A Thank You To My Readers, and a Bit of Housekeeping

Thanks to all the readers who have used my Amazon links when accessing the Amazon site. It’s a small thing to do, but it yields great rewards for bloggers involved with the Amazon Affiliates program. Because of all your clicking, I was able to pick up a big, expensive tome needed for my studies: Book of Legends/Sefer Ha-Aggadah: Legends from the Talmud and Midrash, by Hayyim Nahman Bialik and Y.H. Rawnitzky.

This isn’t a brick: this is a cinderblock. It’s almost 1,000 pages long and oversized, and is a staggering collection of rabbinic lore from the Babylonian and Jerusalem Talmuds and the midrashic literature. The beauty of the collection is that it focuses on the aggadah, which is the non-legal portions of the tradition, and groups them according to theme and topic, fully indexed by scripture citation and keyword. It’s something I really wish I had for Logos, and I imagine they’ll get to it eventually.

I kept various copies of this book out of the library for almost 8 months, so it’s good to finally have my own to mark up. The texts of the aggadah developed almost simultaneously with the emergence of Christianity, and provide a window into rabbinic perspectives on the texts of the Old Testament.

For instance, when I was doing exegesis on 1 Samuel 3, I wrote about the point in 1 Samuel 3:2 when we learn that Eli’s “sight is going dim.” This is not just his literal blindness, but also his prophetic sight and his ability to “see” the true will of Lord. The next line tells us that the “lamp of God had not yet gone out,” which is not merely a reference to the light hanging in the tabernacle, but also to the light of Eli.  As the midrash says, “No righteous man ever departs from the world until a righteous man like him is brought into being.” (Sefer Ha-Aggadah 114:59) The lamp is the light of Eli, fading but dim, and about to be extinguished in favor of the light of Samuel.

The book is jammed with material like this, and it’s a far more organized way to explore it than attempting to pour through the voluminous midrashic literature. So: thanks for book, and keep clicking!

In other news:

  • I’m taking a week off, so posting will be light to non-existent.
  • I’m still working out the content and format of my little corner of the internet, so bear with me while I try different styles and subjects. I never wanted it to be “10 ways to use Twitter for your parish,” because other people do that better, but I do want to continue to explore what all this technology means, let readers know what’s coming, and steer them towards some of the good stuff.
  • I started posting a few archaeology news items because it’s a subject of interest to me, only to learn that people really liked them. That’s fine with me, since I began my academic career intending to become an archaeologist, and misspent my first year of college in the anthropology program, learning that I hated the political garbage at the heart of the discipline. Now that I’m back studying theology, I’m finding that a lot of my early experience with anthropology and comparative religion is coming into play. In fact, one of my fall classes for my masters program is going to be about the archaeology of the Holy Land. Since “Technology| Culture| Catholicism” is a pretty wide net, I feel comfortable including it here on a regular basis, so expect the archaeology stuff to continue.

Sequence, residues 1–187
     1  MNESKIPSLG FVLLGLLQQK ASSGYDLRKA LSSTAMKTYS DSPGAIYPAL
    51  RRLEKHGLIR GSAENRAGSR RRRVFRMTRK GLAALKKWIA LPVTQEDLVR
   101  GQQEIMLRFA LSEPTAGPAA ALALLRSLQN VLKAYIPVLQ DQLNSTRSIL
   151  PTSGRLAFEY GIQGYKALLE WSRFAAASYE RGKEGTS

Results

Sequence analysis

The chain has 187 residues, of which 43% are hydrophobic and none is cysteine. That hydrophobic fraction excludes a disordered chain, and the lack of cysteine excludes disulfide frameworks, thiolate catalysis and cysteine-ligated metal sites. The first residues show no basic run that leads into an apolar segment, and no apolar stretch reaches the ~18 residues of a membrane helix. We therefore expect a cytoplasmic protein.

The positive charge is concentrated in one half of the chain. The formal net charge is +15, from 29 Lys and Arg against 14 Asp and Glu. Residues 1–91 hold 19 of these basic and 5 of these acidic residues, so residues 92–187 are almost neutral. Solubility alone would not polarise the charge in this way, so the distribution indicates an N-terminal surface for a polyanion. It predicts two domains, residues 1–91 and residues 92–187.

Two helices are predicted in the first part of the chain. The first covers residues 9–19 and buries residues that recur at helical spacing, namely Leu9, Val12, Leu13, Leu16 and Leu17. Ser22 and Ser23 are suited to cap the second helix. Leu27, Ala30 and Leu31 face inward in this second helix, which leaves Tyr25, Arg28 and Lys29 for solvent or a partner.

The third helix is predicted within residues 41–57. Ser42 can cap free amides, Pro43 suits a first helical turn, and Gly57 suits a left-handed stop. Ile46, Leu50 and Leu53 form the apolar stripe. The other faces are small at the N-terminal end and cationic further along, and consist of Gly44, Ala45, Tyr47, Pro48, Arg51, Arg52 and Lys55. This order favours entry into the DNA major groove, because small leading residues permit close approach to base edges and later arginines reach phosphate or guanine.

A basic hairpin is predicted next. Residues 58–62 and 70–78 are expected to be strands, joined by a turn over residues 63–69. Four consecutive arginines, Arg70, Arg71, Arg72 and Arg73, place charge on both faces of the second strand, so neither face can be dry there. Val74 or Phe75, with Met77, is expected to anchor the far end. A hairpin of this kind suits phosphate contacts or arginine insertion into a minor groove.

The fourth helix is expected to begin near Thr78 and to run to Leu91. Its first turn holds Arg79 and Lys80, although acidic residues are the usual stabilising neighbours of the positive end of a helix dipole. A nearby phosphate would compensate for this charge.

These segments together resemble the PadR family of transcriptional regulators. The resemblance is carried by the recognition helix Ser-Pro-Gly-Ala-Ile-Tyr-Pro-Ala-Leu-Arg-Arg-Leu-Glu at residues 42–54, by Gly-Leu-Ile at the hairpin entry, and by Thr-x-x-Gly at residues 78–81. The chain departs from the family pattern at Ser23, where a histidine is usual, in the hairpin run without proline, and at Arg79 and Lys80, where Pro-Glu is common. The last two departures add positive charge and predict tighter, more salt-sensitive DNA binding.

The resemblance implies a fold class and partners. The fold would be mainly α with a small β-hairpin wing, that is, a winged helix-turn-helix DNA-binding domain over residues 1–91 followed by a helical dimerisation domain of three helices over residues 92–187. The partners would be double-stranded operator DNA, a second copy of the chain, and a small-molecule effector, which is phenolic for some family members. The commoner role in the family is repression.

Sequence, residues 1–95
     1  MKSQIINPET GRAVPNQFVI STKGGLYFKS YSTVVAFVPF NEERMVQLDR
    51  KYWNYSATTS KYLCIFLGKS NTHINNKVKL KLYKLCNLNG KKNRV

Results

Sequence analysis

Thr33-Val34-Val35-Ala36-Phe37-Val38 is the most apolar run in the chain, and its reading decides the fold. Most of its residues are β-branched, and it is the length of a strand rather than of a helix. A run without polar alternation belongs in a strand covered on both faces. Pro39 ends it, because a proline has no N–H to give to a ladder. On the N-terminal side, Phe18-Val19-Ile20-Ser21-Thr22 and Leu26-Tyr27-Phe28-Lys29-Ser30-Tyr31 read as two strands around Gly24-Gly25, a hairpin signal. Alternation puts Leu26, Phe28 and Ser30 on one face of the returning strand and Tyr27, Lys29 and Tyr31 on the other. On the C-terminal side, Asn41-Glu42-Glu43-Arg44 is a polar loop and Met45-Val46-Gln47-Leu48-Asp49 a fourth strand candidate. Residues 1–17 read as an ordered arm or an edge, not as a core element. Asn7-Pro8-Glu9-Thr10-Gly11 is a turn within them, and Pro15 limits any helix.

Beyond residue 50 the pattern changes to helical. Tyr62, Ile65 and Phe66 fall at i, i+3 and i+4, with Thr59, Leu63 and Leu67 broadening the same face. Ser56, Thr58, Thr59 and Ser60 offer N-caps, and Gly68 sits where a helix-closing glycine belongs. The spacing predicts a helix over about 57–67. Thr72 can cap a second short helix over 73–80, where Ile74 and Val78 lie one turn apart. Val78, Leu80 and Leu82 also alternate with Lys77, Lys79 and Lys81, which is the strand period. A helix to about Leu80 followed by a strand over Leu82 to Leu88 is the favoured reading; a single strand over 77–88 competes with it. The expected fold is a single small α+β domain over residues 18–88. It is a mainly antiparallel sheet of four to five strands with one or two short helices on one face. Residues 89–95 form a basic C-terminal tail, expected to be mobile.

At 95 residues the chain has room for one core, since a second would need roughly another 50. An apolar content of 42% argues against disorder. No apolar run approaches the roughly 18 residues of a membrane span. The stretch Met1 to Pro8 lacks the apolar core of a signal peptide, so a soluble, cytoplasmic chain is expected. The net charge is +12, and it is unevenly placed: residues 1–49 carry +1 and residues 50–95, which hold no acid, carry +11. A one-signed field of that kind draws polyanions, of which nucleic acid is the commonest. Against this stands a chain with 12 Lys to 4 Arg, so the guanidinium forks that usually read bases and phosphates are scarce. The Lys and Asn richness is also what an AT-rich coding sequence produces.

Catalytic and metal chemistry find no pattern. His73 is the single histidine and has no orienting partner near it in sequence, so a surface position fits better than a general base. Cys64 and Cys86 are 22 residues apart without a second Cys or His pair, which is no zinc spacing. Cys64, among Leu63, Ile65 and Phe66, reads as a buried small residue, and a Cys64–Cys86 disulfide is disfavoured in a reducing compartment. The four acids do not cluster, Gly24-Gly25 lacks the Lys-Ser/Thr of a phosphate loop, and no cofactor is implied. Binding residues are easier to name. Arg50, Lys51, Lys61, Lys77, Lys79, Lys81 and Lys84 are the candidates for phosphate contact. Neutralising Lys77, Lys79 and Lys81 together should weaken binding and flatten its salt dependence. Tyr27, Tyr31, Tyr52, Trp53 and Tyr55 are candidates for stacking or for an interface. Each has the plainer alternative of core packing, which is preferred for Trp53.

• Sadly, I do see an endpoint for the Monday Morning Chicken, even though it’s become an absurdly popular feature for a few dedicated chicken-fanciers, and I get requests for new content and complaints when I don’t post. I don’t want Ruby, Amber, and Diamond to outstay their welcome in your homes, so I’m planning for the weekly chicken posts to conclude when one of these slackers lays her first egg, which should be in a month. After that, I’ll do sporadic chicken postings when I have good material.
  • However: we will be getting three more chicks next spring, so the chicken thing may return as a regular feature then.
  • The winner of the Logos contest has been determined by Logos and Punchtab, and the winner has been contacted. Last I heard, said winner had not replied in order to claim the prize. I believe Logos will try to contact the first winner for a little longer, and if they don’t hear back, they’ll pick another, so make sure you check your email and spam filters. When we have confirmation, I’ll announce it here.
  • If you don’t already, please follow me on Twitter or Facebook. (Please use the “God and the Machine” Facebook site. I keep my “Thomas L. McDonald” Facebook page for colleagues, friends, and family because the material posted there is more personal. I may change that at some point, but not yet.)
  • Finally, as mentioned up post, I’ll be taking a break until the 16th, although I may post should something interesting hove into view, and there are some items waiting in the queue to autopost.

 

About Thomas L. McDonald

Thomas L. McDonald writes about technology, theology, history, games, and shiny things. Details of his rather uneventful life as a professional writer and magazine editor can be found in the About tab.

  • Jared

    Looking forward to more archeology! I’ve recently taken an interest in Church History, so I enjoy those posts.

  • http://flowandzonegames.com Jason Comely

    I’ve been a long time reader of yours, but on Maximum PC. You and Gordon Mah Ung are two of the best writers working today. Today I decided to search for more of your writing and found this blog and your Twitter account (I’m following now).

    I just want to say “thanks” for your great writing over the years, and the inspiration it gives me, and hope you’ll be writing for many more.

  • Pingback: Shopping Amazon for Christmas or Hanukkah?


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